INDUSTRY TRENDS

FDA Continues Easing DTC, Home Use Test Regulations

In a continued reversal of its 2013 crackdown on direct-to-consumer (DTC) genetic tests, the U.S. Food and Drug Administration (FDA) unveiled loosened regulations in November that will effectively enable growth in the DTC genetic test market, as well as ease restrictions on bringing other CLIA-waived tests to market.

Enabling DTC Tests for Genetic Health Risks
The FDA has slowly been approving DTC tests on a case-by-case basis. But new proposed regulations unveiled in November will allow genetic carrier screening tests, taken by prospective parents, and other genetic health risk (GHR) tests to enter the market without prior review. The new regulatory approach doesn’t apply to genetic tests that inform treatment decisions (e.g., hereditary cancer tests for BRCA1 and BRCA2 genes).

In its November notice, the FDA said GHR test developers will face a one-time FDA review, but can subsequently expand their GHR-marketed tests without further review. The FDA acknowledged in a statement that consumers are increasingly embracing GHR tests to better understand their individual risk for developing diseases and possibly make lifestyle choices to counter these risks. However, the FDA cautioned, these tests can pose “their own risks” if they provide incorrect or misleading information to consumers in the absence of professional medical advice.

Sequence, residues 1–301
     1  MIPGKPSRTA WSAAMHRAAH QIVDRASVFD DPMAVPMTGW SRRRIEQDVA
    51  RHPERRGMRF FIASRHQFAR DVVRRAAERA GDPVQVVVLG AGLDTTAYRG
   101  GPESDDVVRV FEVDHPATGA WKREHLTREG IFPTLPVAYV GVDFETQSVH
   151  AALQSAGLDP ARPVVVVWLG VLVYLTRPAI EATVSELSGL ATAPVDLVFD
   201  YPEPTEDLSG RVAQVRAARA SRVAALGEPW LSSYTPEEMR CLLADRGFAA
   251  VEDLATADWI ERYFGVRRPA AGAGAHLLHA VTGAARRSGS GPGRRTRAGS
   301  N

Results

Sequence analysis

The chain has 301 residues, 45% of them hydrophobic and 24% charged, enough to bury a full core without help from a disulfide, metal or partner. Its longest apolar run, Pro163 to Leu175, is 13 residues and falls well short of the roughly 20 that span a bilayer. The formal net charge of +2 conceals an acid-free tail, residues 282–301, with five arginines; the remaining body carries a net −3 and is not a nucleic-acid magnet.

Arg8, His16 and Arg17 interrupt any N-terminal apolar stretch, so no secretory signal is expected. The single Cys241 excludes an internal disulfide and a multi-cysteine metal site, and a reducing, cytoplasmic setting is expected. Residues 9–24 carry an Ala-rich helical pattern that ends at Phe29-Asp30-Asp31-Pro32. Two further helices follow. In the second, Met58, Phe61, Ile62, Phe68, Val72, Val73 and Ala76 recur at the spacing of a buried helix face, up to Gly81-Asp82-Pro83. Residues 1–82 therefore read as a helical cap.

“The accelerated development of these innovative DTC genetic risk tests paired with the known safety considerations presents unique challenges to FDA regulation, as these technologies don’t fit squarely into our traditional risk-based approach to device regulation,” FDA Commissioner Scott Gottlieb, M.D., said in a statement. “In its consideration of GHR tests, the FDA seeks to strike a balance that provides for an efficient pathway to bring these tests to consumers, without sacrificing the assurances offered by FDA oversight.”

Easing CLIA-Waiver Regulations
On Nov. 29, the agency issued two draft guidances proposing to reduce the burden of applying for CLIA waivers. The first draft guidance is in response to the Cures Act, which requires that FDA allow manufacturers of in vitro diagnostic devices submitting a CLIA waiver to demonstrate accuracy through comparable performance between a waived user and a moderately complex laboratory user, rather than based upon a gold standard. In addition to this statutory change, the draft guidance provides significant detail regarding demonstration of accuracy of a test for purposes of securing the “insignificant risk” waiver.

The second proposal would establish a dual submission pathway enabling test makers to use the same sets of studies to secure 510(k) approval and a CLIA waiver.

Takeaway: The FDA is sending strong signals it plans to continue to streamline regulations enabling easier market entry for innovative products, including DTC tests for GHR and CLIA-waived products.

CLOSE TO VIEW ARTICLE x

You have 3 articles left to view this month.

Your 3 Free Articles Per Month Goes Very Quickly!
Get a 3 month Premium Membership to
one of our G2 Newsletters for just $47!

Click on one of the Newsletters below to sign up now and get unlimited access to all articles, archives, and tools for that specific newsletter!

Close

EMAIL ADDRESS


PASSWORD
EMAIL ADDRESS

FIRST NAME

LAST NAME

TITLE

COMPANY

CITY / STATE

Try Premium Membership

(-0000g2)